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2012 NCAA Hockey Tournament: A Plan To Get More Games On Live TV

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The best weekend of college hockey starts today at 3:00 PM, as Union and Michigan State open up the 2012 NCAA Division I Men's Hockey Tournament over in Bridgeport. It's the best weekend in college hockey that ESPN doesn't want you to know about. One-third of the NCAA hockey tournament's games are shopped to regional sports networks and relegated to live coverage on ESPN3 and broadcast on tape-delay on ESPNU.

Since the NCAA and ESPN have a blanket TV deal to broadcast all their championships, fans are treated to just eight of 12 live broadcasts over the weekend. One-third of the NCAA hockey tournament's games are shopped to regional syndicates like Fox Sports North+ and NESN, with the only live broadcast available on ESPN3. These games are broadcast on tape delay on ESPNU, but at that point, what's the point?

Today, Puck The Media contrasted college hockey's TV deal with ESPN to men's lacrosse, where the 15 men's lacrosse NCAA Tournament games are all broadcast live on either ESPN2 or ESPNU. The men's hockey tournament and the men's lacrosse tournament are set up a little differently, with the men's tournament's first round hosted by the higher seeds (a novel idea). Contrast that with hockey, who hosts four regionals at neutral site arenas and needs to keep the two semifinal games close together to keep folks in the building (I mean, have you spent time in either Bridgeport or Worcester?).

We can lament the fact that ESPN hates hockey (they do) or that they don't want to promote a sport where the professional equivalent is broadcast on a rival network (NBCUniversal), but the other part of this is that the current regional format is not optimized for getting all of the 12 NCAA tournament games on live television.

Lepore has two plans to space out the games a bit more. Both require adding an extra day to the regional round and spacing games out so that they can air on TV.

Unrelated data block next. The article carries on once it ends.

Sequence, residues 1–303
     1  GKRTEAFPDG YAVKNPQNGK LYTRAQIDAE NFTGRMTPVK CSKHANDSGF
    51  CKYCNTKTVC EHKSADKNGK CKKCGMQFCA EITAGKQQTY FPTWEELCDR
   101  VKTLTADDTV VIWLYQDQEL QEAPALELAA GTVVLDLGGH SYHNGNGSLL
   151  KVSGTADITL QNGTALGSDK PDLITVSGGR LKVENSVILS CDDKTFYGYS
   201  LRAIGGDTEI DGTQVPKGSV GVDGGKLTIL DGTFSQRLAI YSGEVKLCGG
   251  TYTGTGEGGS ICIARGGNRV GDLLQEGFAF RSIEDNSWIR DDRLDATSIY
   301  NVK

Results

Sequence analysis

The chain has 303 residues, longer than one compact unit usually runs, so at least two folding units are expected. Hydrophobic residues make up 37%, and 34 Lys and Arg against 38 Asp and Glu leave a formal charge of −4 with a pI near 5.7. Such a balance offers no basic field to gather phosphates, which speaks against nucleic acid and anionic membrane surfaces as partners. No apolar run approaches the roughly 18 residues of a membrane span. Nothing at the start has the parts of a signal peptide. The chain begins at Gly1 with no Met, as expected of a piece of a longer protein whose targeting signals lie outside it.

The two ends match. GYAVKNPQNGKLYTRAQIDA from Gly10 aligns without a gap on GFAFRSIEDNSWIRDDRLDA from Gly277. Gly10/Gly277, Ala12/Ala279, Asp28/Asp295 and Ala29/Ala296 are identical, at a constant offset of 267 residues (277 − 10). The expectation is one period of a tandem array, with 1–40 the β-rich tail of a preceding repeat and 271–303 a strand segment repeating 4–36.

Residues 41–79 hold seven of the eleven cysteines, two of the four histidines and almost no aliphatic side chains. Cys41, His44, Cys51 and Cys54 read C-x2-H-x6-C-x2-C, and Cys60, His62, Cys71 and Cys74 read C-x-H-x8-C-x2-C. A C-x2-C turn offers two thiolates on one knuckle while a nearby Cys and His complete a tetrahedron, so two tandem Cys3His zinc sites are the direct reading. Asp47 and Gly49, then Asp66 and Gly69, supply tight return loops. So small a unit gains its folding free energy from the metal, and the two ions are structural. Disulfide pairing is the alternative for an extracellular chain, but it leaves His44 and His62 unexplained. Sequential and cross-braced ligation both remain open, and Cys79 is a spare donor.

Puck The Media NCAA Tournament Plan 1

Friday (4 games, four regional semifinals) -- 1, 3:30, 6:00, 8:30
Saturday (5 games, four regional semifinals, 1 regional final) -- Noon, 2:30, 5, 7:30, 10
Sunday (3 games, three regional finals) -- 2, 5, 8

This plan has the regional round ending with the West Regional final, which makes infinitely more sense than having the final game be the Northeast Regional Final with an 8 PM start in Worcester given the time zones.

Puck The Media NCAA Tournament Plan 2

Saturday (4 games, four regional semifinals) -- 1, 3:30, 6, 8:30
Sunday (5 games, four regional semifinals, 1 regional final) -- Noon, 2:30, 5, 7:30, 10
Monday (3 games, three regional finals) -- 4, 6:30, 9

Again, here we end with the West Regional at 9 PM on a Monday. I like the idea of extending the Regional round through to Monday night so as to not compete with the NCAA Men's Basketball Tournament, typically the later rounds of the tournament.

Though if we are sticking with ESPN and the tournament's current 16-team, single-elimination tournament format (though admittedly both could be improved), I'd be in favor of spreading out the Regional round even more to maximize TV exposure and get all 12 games broadcast live.

BC Interruption NCAA Tournament Plan 1

Thursday (2 games, two semifinals) -- 4, 7
Friday (3 games, two semifinals, 1 regional final) -- 1, 4, 7
Saturday (5 games, four regional semifinals, 1 regional final) -- Noon, 2:30, 5, 7:30, 10
Sunday (2 games, two regional finals) -- 1, 4

With this plan, you would give the regional with the number 1 overall seed the Thursday games, giving that bracket the maximum rest in between the regional round and the Frozen Four. And while we're at it, let's move the Frozen Four up a week. The extra week off is extremely unnecessary as programs seem to lose a lot of momentum not getting an opportunity to play every weekend.

I'd propose pushing back the Frozen Four from the current Thursday-Saturday setup to a Saturday-Monday one:

Saturday (2 games, Frozen Four) -- 4, 7
Monday (National Championship Game) -- 7:30

You'd simply push the season back a week so as to not have the Frozen Four coincide with basketball's Final Four. So the conference tournaments would end the same weekend as basketball's Elite Eight round, the Regional round would coincide with the Final Four weekend (hockey Thursday-Sunday and hoops Saturday and Monday) and the Frozen Four the following weekend on Saturday and Monday.

This set up would allow ESPN to avoid having to relegate playoff college hockey to the internet and better spread the word about the awesomeness of college hockey.